TDS Deduction of Wife is Allowed in the Hands of Husband if Income is Clubbed

In the case of Anil Ratanlal Bohra v. Assistant Commissioner of Income Tax (ACIT), the issue at hand revolved around the denial of credit for Tax Deducted at Source (TDS) to the taxpayer due to the non-furnishing of a declaration by the deductee to the deductor as required by the proviso to Rule 37BA(2). The ITAT Pune heard the appeal and provided a significant ruling regarding the entitlement to such credit.

Mr. Anil Ratanlal Bohra, an individual taxpayer, filed his income tax return for the relevant assessment year, claiming credit for TDS of ₹2,80,456. This TDS amount was deducted by the State Bank of India from the interest earned on fixed deposits held by his wife with the same bank. The fixed deposits were funded by gifts from Mr. Bohra to his wife. As per Section 64 of the Income Tax Act, the income derived from these deposits was includible in Mr. Bohra’s total income.

The taxpayer duly included the income from the fixed deposits in his return and sought corresponding credit for the TDS. However, the Central Processing Center (CPC) intimation denied the credit on the grounds that the TDS amount was not reflected in Form No. 26AS of the taxpayer. Dissatisfied with this decision, Mr. Bohra filed an appeal to the Commissioner of Income Tax (Appeals) [CIT(A)].

The CIT(A) held that the provisions of Rule 37BA(2) were not complied with, resulting in the taxpayer being ineligible for the credit for TDS deduction. Aggrieved by this decision, Mr. Bohra further appealed to the Income Tax Appellate Tribunal (ITAT).

The ITAT carefully examined the relevant provisions of Section 199 and observed that sub-Rule (2) of Rule 37BA played a crucial role in deciding the appeal. According to the rule, if the income on which TDS has been deducted at source is assessable in the hands of a person other than the deductee, then the credit for the proportionate TDS deducted at source should be given to that other person, not the deductee.

The proviso to sub-rule (2) stipulates that the deductee must file a declaration with the deductor, providing particulars of the other person to whom the credit is to be given. Upon receiving such a declaration, the deductor is obligated to issue a TDS certificate in the name of that other person.

The essence of Section 199, read with Rule 37BA(2), is that if the income on which TDS has been deducted at source is chargeable to tax in the hands of the recipient, then the credit for such tax should be allowed to the recipient. However, if the income is fully or partly chargeable to tax in the hands of another person due to the operation of any provision, such as Section 64 in the present case, the proportionate credit for the TDS should be granted to that other person who is liable to pay tax on such income, even if they are not the recipient of the income.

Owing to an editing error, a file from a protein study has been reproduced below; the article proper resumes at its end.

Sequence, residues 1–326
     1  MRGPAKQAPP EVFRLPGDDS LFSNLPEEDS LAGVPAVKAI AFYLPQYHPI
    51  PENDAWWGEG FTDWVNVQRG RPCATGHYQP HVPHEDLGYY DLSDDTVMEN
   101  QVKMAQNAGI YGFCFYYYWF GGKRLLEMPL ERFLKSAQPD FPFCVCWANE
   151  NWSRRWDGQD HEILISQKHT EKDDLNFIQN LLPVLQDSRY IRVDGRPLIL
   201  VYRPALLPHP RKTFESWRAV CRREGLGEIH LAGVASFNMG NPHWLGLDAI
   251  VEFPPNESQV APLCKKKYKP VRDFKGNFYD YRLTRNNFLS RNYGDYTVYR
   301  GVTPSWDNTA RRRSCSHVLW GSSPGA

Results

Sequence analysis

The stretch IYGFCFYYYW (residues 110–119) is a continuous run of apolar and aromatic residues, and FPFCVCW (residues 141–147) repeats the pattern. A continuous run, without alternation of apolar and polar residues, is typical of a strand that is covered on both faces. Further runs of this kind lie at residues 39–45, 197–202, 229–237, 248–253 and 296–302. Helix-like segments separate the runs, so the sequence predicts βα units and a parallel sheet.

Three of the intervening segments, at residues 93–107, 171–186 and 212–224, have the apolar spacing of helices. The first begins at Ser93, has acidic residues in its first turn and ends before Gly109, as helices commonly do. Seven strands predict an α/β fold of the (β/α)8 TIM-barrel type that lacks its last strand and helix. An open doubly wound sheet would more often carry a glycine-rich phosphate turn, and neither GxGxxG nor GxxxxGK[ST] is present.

The proviso to Rule 37BA(2) serves the purpose of regularizing the allowance of credit for TDS to a person other than the income recipient. It mandates the furnishing of particulars of the other person (the recipient) to enable the deductor to issue a TDS certificate in their name. It is important to distinguish between the substantive provision (Section 199 read with Rule 37BA(2) without the proviso) and the procedural provision (proviso to Rule 37BA(2)). Non-compliance with a procedural provision, which is typically directory in nature, cannot negate the essence of a substantive provision.

The ITAT held that the mere non-furnishing of the declaration by Mr. Bohra’s wife to the bank, as required by the proviso to Rule 37BA(2), should not be a reason to deny the credit for TDS. The TDS amount, which is already with the Department, should not be withheld indefinitely without allowing corresponding credit to the person who is liable to pay tax on the income. As the substantive provision of Section 199 grants credit for TDS to the person who is lawfully taxable in respect of the income, the ITAT ruled in favor of allowing the TDS credit to Mr. Bohra.

Suggestion to Taxpayers: This ruling provides valuable guidance to taxpayers regarding the entitlement to credit for TDS when the income is assessable in the hands of a person other than the deductee. It highlights the importance of understanding the substantive provisions of the Income Tax Act and the corresponding rules. Taxpayers should ensure compliance with procedural requirements, such as filing the necessary declarations, to facilitate the proper issuance of TDS certificates. By adhering to the relevant provisions, taxpayers can rightfully claim the credit for TDS and avoid unnecessary disputes. It is advisable to seek professional advice or consult with a tax expert to understand the intricacies of tax laws and their implications on individual cases.

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